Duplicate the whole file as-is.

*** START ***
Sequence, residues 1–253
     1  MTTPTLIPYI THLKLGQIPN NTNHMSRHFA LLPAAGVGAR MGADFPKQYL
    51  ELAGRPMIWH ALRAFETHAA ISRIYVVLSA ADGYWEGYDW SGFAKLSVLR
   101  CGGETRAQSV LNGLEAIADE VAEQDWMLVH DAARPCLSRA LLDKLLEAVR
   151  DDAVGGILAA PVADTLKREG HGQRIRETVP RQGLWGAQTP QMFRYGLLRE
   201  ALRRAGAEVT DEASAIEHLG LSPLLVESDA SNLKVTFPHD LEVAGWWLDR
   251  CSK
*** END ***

Sequence, residues 1–253
     1  MTTPTLIPYI THLKLGQIPN NTNHMSRHFA LLPAAGVGAR MGADFPKQYL
    51  ELAGRPMIWH ALRAFETHAA ISRIYVVLSA ADGYWEGYDW SGFAKLSVLR
   101  CGGETRAQSV LNGLEAIADE VAEQDWMLVH DAARPCLSRA LLDKLLEAVR
   151  DDAVGGILAA PVADTLKREG HGQRIRETVP RQGLWGAQTP QMFRYGLLRE
   201  ALRRAGAEVT DEASAIEHLG LSPLLVESDA SNLKVTFPHD LEVAGWWLDR
   251  CSK